Dear Editor,

Well. Well. Well. Please tell us it just ain’t so.

Just when we have done our good citizen duty to stop global warming …

Just when we have done our good citizen duty and installed solar panels on our roof …

Just when we are patting our good citizen selves on the back knowing we are depending on the sun, instead of coal, oil and gas for electricity …

Bam. Down comes the hammer: A brand new “residential solar penalty” for all Bowling Green residents who have installed solar panels.

Starting in July, anyone in Bowling Green who gets electricity from solar panels on their roof will now be fined an extra $4 per kilowatt hour, for “grid costs.” This will be increased, as needed.

This from a city than prides itself on having the largest city-owned solar field in the state and wind turbines?

Looks like it is so. Our utilities department, having concocted an amazing, labyrinthian maze of “reasons” for its action, has levied this penalty upon us.

The utility department’s labyrinthian reasons range far and wide, but basically involve a 50-year investment in a failed Illinois coal plant and a 50-year Bowling Green contract with AMP (the American Municipal Power group) to buy coal-produced electricity.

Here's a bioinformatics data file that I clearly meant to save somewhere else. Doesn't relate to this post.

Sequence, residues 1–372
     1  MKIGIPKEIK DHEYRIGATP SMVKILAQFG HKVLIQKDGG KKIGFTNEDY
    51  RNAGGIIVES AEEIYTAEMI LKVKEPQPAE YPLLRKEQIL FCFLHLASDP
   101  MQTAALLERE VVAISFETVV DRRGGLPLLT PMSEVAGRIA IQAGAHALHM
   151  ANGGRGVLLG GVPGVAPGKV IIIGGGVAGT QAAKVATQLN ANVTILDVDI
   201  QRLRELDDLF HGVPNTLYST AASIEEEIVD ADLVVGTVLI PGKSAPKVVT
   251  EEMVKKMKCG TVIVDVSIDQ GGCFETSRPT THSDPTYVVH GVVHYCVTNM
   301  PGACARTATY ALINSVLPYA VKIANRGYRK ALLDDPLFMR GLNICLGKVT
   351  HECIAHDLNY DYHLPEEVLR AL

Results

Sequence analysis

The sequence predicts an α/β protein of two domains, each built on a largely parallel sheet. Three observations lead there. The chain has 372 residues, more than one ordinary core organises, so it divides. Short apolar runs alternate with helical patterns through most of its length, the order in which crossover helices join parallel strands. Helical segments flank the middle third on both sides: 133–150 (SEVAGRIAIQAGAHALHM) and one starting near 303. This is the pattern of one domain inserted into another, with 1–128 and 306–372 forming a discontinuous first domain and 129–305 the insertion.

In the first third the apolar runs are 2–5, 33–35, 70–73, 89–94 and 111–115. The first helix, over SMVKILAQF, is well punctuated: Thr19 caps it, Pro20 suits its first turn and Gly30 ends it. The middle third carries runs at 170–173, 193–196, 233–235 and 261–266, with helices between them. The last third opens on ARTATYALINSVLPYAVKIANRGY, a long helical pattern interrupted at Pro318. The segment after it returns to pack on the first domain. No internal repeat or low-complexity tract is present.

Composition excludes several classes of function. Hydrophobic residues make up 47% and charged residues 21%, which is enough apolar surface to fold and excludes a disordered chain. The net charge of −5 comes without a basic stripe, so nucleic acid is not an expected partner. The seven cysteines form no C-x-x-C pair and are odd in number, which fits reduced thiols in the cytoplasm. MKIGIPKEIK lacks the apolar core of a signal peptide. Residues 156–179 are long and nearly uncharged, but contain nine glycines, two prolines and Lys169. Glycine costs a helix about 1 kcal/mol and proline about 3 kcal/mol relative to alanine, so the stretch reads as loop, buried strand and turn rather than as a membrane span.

The Bowling Green contract with AMP partially paid for building a coal plant in Illinois, including its upkeep, whether it fails or not, for 50 years.

Bowling Green now defrays its large, debt-servicing costs for the failed Illinois coal plant by quietly upping residents’ electric rates at every opportunity.

And there is some kind of convoluted reasoning to ensure that residents who don’t have solar panels are not paying, in some arcane, electricity-grid way, for residents who do have solar panels. This is following the advice of a highly-paid, out of town “electricity consultant” who is, unbelievably, affiliated with AMP.

How can our Bowling Green officials allow such a “fox guarding the henhouse” situation to exist?

What are we missing here? Surely any fool can see that residents who install costly, climate-saving systems (wind, solar, hydro, geothermal; anything but oil, coal and gas) should be rewarded, praised and given reduced utility rates.

They should not be punished.

Sally Medbourn Mott

Bowling Green